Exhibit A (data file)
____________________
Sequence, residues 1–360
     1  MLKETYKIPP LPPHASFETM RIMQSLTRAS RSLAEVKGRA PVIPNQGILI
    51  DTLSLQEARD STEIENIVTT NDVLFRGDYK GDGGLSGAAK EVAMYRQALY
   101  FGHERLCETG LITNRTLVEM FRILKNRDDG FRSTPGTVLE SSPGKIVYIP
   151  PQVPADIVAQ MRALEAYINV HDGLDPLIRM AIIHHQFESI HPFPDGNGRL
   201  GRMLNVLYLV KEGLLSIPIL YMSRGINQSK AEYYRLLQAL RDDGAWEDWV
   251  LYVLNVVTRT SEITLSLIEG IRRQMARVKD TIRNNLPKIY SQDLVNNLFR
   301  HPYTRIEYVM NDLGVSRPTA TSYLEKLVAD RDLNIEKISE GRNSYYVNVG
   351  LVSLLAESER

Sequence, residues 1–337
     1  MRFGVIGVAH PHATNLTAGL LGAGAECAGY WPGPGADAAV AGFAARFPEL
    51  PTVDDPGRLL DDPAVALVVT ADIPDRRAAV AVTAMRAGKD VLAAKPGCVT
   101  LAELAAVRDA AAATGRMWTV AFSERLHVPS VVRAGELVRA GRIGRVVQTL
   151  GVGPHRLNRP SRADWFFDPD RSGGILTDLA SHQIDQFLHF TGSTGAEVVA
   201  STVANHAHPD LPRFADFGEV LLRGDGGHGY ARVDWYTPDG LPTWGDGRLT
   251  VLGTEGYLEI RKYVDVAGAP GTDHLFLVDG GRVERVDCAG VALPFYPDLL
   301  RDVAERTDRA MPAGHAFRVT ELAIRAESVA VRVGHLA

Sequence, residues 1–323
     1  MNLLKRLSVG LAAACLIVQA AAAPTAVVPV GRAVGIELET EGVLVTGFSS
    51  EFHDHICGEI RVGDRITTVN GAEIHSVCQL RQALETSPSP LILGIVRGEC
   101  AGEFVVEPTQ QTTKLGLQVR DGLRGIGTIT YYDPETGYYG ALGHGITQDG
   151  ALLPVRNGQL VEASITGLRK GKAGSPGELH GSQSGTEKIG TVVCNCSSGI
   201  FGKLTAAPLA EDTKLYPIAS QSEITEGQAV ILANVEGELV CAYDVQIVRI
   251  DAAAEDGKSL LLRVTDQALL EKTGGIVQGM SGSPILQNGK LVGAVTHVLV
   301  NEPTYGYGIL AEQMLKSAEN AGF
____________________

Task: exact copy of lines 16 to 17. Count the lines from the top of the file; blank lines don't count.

   251  VLGTEGYLEI RKYVDVAGAP GTDHLFLVDG GRVERVDCAG VALPFYPDLL
   301  RDVAERTDRA MPAGHAFRVT ELAIRAESVA VRVGHLA